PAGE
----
Monday, 1 April 2013

Battlefields: Isandlwana

South Africa, I like to say, is contested ground. Everywhere you go, you tend to discover hints and echos of our turbulent past.

In addition to the major battlefields, there are countless sites of skirmishes and struggles. Each one provides a connection to our rich history.

In Nieu Bethesda's dusty cemetery, a single British soldier's grave. On a West Coast game farm, Boer War buttons, spurs and collar badges unearthed during construction. In a Colesberg farmhouse, the directive requisitioning the building for use as the British staff HQ, framed on a wall in the voorkamer.

These sort of fragments can speak louder than battle sites, which, more often than not, have been destroyed by agriculture, development, or neglect.

But none speak louder than Isandlwana. Its preservation aside, there is something incredibly poignant about the site. Even on the drive to the site, you begin to notice whitewashed cairns scattered in dips and hollows, or visible on the skyline. By the time you reach the heart of the battlefield, you can see cairns in every direction you look, tracing the course of the battle across the eastern front of Isandlwana field, and plotting the course the fleeing invaders took down to the Mzinyathi river.

The cairns mark where the remains of British men and their local allies were buried. The British only managed to return to bury their dead in June/July of 1879, six months after the battle, and the remains were collected together and covered with stones. Each cairn marks the remains of up to 10 soldiers. Most were never identified.

Many of the Zulu dead were also left where they fell, simply covered with their shields, or were buried together in shallow graves north of the battlefield on the Nyoni heights.

Given that very few of the dead at Isandlwana were afforded formal graves, its a great thing that the site has been so well preserved. It stands as their collective cemetery, the strange-shaped hill as their memorial.

In the interest of completeness, I must point out that there have been formal memorials erected on the site - mostly at the "colonial cemetery" where the remains of those men identified by friends and colleagues lie buried. At the Nek there are several, including one to the men of the 24th, and near the entrance to the site is a more recent memorial to the Zulus who lost their lives on the field.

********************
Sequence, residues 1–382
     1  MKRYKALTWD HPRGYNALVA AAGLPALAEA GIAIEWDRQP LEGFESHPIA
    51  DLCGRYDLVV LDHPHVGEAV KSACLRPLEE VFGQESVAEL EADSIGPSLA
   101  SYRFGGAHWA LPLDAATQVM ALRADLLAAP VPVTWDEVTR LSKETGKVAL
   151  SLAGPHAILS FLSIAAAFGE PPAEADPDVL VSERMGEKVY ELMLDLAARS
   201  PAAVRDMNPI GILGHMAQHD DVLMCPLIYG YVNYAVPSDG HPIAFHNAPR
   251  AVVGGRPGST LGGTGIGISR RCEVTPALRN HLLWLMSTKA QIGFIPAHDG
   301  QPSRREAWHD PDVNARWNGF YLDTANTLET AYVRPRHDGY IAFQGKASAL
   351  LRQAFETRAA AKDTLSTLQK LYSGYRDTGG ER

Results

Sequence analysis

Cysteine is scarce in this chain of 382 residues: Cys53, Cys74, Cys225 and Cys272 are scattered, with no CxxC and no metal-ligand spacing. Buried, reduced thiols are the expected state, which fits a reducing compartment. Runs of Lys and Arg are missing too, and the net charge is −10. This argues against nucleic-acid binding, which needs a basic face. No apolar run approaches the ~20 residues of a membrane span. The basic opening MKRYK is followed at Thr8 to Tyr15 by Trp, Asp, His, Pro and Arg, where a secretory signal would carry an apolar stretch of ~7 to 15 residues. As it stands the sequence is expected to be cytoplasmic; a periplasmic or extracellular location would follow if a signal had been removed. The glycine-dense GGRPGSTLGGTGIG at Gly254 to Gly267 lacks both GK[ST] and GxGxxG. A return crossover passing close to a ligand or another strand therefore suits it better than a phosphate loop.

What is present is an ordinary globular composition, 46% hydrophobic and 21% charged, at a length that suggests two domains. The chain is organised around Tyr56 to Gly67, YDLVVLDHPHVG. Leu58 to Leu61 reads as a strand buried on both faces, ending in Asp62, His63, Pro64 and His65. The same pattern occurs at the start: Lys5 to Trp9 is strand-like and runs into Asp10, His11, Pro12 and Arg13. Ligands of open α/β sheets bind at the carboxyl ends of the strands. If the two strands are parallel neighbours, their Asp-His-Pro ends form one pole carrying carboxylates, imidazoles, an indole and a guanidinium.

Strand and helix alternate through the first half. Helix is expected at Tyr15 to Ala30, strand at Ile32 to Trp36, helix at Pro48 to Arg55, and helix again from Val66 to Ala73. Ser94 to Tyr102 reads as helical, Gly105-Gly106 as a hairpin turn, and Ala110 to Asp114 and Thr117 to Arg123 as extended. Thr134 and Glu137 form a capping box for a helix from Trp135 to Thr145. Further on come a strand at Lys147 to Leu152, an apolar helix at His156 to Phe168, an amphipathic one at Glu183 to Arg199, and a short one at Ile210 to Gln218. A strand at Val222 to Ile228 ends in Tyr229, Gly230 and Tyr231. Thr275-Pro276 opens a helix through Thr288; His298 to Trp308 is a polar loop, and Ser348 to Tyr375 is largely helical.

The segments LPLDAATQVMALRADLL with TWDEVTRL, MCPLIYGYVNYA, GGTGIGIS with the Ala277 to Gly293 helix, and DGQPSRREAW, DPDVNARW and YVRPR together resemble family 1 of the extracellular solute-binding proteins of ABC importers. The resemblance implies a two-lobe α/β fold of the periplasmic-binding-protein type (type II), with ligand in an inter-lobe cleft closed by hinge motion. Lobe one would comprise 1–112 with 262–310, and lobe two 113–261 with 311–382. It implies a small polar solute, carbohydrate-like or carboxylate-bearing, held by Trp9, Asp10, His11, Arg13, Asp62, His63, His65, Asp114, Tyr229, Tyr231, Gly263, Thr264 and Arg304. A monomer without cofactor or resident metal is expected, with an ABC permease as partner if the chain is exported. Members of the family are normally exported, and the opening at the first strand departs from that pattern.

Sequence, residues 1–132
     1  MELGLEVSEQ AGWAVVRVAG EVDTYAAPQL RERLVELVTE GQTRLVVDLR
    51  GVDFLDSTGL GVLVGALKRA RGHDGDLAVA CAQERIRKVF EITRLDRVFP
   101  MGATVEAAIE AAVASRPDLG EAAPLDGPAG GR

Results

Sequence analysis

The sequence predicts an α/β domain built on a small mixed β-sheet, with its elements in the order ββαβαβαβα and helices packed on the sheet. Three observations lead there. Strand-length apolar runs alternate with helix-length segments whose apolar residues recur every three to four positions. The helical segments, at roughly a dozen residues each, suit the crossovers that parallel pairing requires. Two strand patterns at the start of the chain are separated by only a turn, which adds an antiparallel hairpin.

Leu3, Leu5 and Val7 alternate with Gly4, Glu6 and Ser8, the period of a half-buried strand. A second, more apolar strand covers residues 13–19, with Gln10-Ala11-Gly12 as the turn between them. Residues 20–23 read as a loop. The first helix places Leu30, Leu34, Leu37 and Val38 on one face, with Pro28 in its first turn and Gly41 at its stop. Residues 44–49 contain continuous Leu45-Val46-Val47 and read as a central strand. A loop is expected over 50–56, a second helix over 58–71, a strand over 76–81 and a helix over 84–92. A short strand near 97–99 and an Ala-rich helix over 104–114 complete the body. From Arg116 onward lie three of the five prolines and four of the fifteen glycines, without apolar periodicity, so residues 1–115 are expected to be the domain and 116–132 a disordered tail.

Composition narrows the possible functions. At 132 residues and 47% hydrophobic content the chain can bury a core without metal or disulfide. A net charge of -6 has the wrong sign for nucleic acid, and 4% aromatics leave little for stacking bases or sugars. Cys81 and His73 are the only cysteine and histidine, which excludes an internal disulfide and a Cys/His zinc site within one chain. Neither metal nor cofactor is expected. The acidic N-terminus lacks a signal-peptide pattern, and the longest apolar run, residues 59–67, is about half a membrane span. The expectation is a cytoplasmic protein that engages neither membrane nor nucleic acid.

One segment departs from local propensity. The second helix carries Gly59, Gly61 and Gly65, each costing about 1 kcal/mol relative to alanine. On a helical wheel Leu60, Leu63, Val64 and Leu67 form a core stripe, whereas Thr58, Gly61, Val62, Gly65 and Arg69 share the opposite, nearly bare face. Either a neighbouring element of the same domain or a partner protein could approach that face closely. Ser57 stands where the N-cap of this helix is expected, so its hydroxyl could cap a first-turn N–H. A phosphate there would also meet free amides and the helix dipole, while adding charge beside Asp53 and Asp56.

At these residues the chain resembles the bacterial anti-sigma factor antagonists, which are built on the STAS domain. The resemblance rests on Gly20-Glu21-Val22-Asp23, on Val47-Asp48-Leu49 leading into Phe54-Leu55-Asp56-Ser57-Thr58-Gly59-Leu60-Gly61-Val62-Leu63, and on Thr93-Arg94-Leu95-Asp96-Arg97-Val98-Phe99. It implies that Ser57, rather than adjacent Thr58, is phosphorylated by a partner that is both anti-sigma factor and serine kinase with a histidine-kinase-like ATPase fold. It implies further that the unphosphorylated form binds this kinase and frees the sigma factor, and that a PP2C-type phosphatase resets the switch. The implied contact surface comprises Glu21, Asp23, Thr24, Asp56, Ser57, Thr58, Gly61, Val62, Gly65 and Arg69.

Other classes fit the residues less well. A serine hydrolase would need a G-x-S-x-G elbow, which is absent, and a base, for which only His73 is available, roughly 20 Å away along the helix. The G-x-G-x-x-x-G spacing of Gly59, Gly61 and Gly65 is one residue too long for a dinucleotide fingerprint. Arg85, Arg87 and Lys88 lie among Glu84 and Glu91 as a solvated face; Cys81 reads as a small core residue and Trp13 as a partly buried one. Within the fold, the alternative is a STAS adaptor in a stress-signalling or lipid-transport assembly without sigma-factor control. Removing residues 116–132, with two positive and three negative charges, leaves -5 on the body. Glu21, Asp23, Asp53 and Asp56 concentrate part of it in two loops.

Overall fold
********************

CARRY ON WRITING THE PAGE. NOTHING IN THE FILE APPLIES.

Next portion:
Of the remains identified, the majority were of local "colonials". Hence the more formal cemetery now known as the "Colonial Cemetery"

Memorial to men and offices of the 24th.
Memorial to the Zulu dead. Pic courtesy of
The Isandlwana battlefield is administered by Amafa Heritage KwaZulu-Natal which charges a small fee to visit the site. It is in a good state of preservation, is fenced, and the road across the nek has been re-routed around the site to limit degradation. There is not a great deal of "interpretation" or information provided at the site, so its well worth having a battlefield guide to provide context... we were shown around the area, including the skirmish site at Sihayo's homestead, the crossing points of the Mzinyathi, and the twin battles of Isandlwana and Rorke's Drift by Paul Garner - a knowledgeable and entertaining guide.

There is plenty of accommodation in the immediate area, and in and around Dundee, (the closest town), ranging from budget to comfortably luxurious.

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